How to Get Recommendations

Borrowed, almost verbatim, from Dr. George H. Williams’ “My guidelines regarding student requests for letters of recommendation” and from Dr. Betsy Bolton‘s guidelines.

Writing letters of recommendation is one of the most satisfying parts of my job. It’s a way for me to reconnect with you, my former student, and play a part in your bright future. It’s a chance for me to reflect on how much I admire you and to craft a narrative that communicates your distinctive talents and accomplishments to the world.

Nevertheless, it can quickly get out of control—not just the time spent crafting the letters themselves, but the correspondence back and forth to negotiate all the details and information. Plus all the paperwork and electronic forms, filling out names, titles, addresses, dates, etc…

So, if you’ve asked me for a letter . . .

  1. Please take the time to read what follows, since I’m going to be taking the time to write for you.
  2. BEFORE you ask me for a recommendation, think about whether I’m the best person for the job. The first thing I state in any recommendation letter is how long and in what capacity I’ve known you. If I’ve known you as an advisor but never taught you in a class, or if I’ve taught you in lower level course but never seen your advanced work, my testimony may not be convincing—no matter how much I like, respect, or admire you.
  3. Please ask my permission BEFORE you submit my name to any institution or organization.
  4. Give me at least two weeks of notice (if you don’t, I may not be able to produce the letter). Three or four weeks would be even better.
  5. Give me a due date (yep, here’s your chance to give a professor a due date—pretty neat, huh?).
  6. Remind me what courses you took with me and when. If you’ve saved any papers or projects from these courses, send scans of them, ideally with my comments on them.
  7. Please respect my decision if I say no: I will only write for students I feel I can endorse strongly, and trust me, you don’t want a lukewarm letter. I will tell you if I don’t think I’m the best person to write your letter. In such cases, it has little to do with how fabulous I think you are and more to do with what courses you’ve taken with me and whether I’m the best person for the job (see #2).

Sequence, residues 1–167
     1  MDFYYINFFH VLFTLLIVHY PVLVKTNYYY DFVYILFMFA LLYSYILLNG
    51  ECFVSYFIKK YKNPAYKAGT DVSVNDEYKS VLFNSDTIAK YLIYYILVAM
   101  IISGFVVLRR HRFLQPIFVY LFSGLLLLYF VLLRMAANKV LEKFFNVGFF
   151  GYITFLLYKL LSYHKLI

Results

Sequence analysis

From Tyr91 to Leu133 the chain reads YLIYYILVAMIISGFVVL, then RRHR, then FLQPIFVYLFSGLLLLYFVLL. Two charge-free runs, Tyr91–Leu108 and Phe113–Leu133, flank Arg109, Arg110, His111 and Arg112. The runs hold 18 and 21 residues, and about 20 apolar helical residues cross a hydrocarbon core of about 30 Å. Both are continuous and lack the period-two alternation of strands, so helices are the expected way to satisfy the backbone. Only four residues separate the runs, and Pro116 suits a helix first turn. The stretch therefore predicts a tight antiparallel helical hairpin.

8. To help me write a strong recommendation, please send me informal responses to the following questions:
    1. What are you applying for and how are you framing your application? (DO NOT just send a link! Please share a description of the program/position plus any materials you are sending—especially personal statement, resume, writing samples, etc. Let me know if you want feedback on these documents and suggest a deadline for that feedback.)
    2. What specifically is drawing you to this position or program? (How can I talk about what makes you a good fit? If you’re applying to multiple graduate programs, let me know if there are particular programs/people that you especially hope to work with and why: I will try to add comments to those specific letters.)
    3. When you think about the work you did in my class or classes, what makes you most proud? (This could range from particular claims, interpretive insights, argumentative structure, presentation skills, etc. to persistence and commitment as demonstrated in office hour visits or otherwise, the ability to take and apply feedback, group facilitation and more.) Please attach any relevant papers, projects, or a portfolio so that I can quote from them directly. (Feel free to point me to what you see as the best bits, if you have a sense of what those are.)
    4. What are you hoping my letter will cover? (Think about who else is writing for you, and what they will cover. What gaps might need to be addressed, even if they’re not obviously part of what I might write about otherwise?)
    5. What stories help bring you to life for an admissions or selection committee—stories that you don’t have room to include in your own materials? (Think about times you’ve risen to unusual challenges or otherwise demonstrated relevant skills and traits. Give me a quick snippet of a story and I can try to weave it into my letter. Of course I will be writing about your work in class, but selection committees like to see you from multiple angles.)
    6. Organize me! Please remind me of any deadlines a week ahead and prompt me (gently) every few days until the rec is submitted.
  9. When submitting my name to application portals, please enter all my data, including my full name, title, and contact information. Here’s the info you need:
        • Suzanne W. Churchill, Professor of English
        • PO Box 6927, Davidson College, Davidson, NC 28035
        • (704) 894-2695
        • suchurchill@davidson.edu
  10. Please give me all the details about where the letter needs to go: A contact name and email address, or web address if it is to be submitted electronically.
  11. Finally, please let me know how it turns out! Whether it’s good or bad news, I’m here for you. I’m glad to support you and eager to hear your stories.